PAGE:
• I have said to acquaintances before that if the Government had drastically reduced or completely halted non-EU immigration, Remain would have won the referendum. There are other, smaller, sensible measures we could take, as EU or ‘softly Brexiting’ EEA members, such as ending the entitlement of non-British citizens to social housing and all other state benefits (or even more moderately, terminating such entitlements to aliens who have been here for under five years). Settlers would have to take out health insurance and unemployment insurance to cover themselves for illness and job loss.

        I am also favourable to a very modest ‘tourist tax’, which would be included in the air fare, which would amply cover visitors’ use of the NHS, should they fall ill, and general wear and tear. The Balearic Islands had a €2-per-day levy of this kind on tourists under its eco-socialist government, but there is nothing inherently left-wing or Green about the proposal. We had 36,115,000 tourists in 2015. Adding, say, £10 or slightly less to their air fares for this purpose would not be so burdensome as to stop them from coming here.

        These little measures do not strike me as inherently right-wing or anti-immigrant anyway. All nation-states have to differentiate between citizens and non-citizens somehow, and if you were designing a system from scratch, you certainly wouldn’t give the world a free-for-all.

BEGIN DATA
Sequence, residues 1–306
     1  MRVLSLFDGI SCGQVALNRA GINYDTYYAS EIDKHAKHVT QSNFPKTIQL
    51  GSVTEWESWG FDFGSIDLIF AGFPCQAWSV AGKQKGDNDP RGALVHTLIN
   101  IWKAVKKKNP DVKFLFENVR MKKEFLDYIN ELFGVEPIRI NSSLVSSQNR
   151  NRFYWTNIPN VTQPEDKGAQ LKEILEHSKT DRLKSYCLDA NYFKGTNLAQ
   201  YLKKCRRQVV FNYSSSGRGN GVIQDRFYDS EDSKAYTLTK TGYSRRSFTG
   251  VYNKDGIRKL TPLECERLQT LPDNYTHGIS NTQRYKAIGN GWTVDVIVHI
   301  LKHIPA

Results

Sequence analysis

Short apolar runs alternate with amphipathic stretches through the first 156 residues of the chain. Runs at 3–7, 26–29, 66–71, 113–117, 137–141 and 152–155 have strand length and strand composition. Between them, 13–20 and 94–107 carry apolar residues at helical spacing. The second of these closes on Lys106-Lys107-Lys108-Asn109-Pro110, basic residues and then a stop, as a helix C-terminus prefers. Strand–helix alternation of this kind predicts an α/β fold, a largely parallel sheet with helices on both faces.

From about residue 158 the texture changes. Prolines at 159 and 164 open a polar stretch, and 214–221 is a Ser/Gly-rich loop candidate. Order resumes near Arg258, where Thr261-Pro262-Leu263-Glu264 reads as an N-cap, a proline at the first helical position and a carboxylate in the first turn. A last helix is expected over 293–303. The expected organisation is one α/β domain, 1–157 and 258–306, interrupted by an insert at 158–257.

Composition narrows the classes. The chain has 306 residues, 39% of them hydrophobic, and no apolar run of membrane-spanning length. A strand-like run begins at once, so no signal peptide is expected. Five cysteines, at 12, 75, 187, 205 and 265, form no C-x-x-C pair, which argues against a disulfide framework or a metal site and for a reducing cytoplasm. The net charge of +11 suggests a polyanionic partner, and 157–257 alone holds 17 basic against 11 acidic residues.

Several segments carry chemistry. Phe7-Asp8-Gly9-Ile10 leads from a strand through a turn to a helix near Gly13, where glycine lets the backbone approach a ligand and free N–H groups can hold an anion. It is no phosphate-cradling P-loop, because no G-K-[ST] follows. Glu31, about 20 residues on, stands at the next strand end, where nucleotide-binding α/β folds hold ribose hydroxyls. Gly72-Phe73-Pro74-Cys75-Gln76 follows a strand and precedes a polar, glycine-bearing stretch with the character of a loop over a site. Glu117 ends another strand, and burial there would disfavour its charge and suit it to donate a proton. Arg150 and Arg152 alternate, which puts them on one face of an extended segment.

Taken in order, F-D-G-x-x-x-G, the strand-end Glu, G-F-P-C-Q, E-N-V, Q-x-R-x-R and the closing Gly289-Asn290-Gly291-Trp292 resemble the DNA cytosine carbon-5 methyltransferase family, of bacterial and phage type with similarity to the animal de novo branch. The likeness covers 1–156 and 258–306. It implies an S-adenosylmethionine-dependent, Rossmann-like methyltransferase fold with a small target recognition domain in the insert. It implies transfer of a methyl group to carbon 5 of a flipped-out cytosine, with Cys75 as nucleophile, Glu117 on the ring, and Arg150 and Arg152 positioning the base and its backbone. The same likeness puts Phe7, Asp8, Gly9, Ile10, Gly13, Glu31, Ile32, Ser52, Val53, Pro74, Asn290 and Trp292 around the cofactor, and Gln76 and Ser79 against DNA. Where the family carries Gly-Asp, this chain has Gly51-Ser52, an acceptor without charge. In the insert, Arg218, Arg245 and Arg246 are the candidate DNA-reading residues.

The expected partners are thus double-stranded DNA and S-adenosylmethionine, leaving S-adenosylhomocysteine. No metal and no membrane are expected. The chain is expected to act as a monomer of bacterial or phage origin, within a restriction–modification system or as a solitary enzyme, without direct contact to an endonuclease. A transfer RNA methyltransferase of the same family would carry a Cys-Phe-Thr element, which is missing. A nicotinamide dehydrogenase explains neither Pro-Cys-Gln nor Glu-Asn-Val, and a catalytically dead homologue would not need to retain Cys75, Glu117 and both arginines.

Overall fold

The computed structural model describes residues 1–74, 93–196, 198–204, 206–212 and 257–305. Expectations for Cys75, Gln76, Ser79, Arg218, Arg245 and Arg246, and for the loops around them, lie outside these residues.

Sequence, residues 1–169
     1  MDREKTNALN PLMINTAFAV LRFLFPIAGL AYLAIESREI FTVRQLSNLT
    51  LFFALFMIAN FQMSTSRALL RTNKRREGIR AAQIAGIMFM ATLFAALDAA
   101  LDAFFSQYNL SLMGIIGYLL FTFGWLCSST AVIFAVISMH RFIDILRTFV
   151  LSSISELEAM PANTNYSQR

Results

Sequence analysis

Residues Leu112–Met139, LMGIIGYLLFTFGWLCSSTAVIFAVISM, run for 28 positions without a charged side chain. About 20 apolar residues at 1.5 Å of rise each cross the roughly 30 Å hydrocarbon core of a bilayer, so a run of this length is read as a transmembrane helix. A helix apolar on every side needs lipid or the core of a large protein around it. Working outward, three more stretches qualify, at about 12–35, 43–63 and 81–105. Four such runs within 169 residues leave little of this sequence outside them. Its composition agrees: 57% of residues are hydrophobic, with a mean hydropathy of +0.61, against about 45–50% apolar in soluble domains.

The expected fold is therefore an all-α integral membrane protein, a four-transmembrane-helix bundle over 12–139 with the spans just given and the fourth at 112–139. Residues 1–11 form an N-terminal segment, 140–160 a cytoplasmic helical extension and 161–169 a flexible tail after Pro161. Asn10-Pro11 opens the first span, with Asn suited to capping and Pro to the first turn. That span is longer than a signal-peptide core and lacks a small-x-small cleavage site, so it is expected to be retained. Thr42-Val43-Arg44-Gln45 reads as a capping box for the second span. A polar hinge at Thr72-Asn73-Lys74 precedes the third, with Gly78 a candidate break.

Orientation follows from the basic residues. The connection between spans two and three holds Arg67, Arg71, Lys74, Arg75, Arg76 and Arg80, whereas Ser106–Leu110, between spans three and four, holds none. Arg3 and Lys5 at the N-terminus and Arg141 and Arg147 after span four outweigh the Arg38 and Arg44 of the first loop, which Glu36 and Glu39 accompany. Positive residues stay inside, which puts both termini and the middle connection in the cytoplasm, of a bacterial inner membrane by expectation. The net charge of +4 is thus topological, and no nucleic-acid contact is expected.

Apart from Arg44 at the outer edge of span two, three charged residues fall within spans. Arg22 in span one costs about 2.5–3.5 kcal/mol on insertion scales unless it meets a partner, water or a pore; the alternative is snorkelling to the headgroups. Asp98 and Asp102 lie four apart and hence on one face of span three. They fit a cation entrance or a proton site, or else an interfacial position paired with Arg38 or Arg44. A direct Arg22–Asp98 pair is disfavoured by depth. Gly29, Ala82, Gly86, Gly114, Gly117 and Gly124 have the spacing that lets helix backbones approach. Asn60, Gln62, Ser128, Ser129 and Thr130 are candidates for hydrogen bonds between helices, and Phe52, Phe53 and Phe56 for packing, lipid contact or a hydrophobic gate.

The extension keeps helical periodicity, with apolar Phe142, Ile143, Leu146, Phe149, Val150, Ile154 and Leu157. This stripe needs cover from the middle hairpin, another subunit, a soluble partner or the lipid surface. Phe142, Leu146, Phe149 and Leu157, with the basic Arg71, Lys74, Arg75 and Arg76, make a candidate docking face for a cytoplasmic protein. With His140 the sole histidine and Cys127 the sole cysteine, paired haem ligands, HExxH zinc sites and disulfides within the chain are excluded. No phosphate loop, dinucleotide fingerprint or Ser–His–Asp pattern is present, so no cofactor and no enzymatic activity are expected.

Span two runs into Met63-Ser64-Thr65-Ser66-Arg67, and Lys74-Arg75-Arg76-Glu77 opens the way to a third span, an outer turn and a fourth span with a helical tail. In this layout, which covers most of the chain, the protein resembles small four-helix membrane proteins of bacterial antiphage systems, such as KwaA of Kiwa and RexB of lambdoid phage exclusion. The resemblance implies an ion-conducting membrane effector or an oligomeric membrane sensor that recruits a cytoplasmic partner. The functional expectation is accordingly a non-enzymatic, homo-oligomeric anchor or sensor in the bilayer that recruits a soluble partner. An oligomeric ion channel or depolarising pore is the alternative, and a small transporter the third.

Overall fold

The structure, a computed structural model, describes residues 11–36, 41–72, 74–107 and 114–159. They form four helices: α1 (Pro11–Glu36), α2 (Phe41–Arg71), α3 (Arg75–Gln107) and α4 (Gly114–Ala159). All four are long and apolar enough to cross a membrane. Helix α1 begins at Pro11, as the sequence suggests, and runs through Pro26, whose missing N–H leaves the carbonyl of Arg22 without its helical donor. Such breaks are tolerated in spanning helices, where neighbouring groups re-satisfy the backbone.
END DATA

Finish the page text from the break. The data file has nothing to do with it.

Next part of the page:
• I will be the very first at the queue of people who want to bash both the main parties, and UKIP too, for their inept handling of things. In a different sort of way, I actually agree with Dr. North that a gradual approach should have been taken. Ideally, we should have left the EU in around 2007, when the Lisbon Treaty was being signed, and joined EFTA instead. From there, we should have then negotiated a gradual disengagement from the Single Market. I completely agree that had the perfectly legitimate and normal views and concerns of the British people found expression at the top, that would have probably taken the edge off the Brexit problem and a more sensible approach such as that outlined could have been politically possible.

          Paradoxically, it is for that reason I am very grateful to the main parties for ignoring us, and I am also grateful to UKIP for their blundering approach to things. It’s a classic case of ‘being clever by accident’. We now have a chance to leave the EEA architecture completely and secure this country’s future as independent, sovereign and free.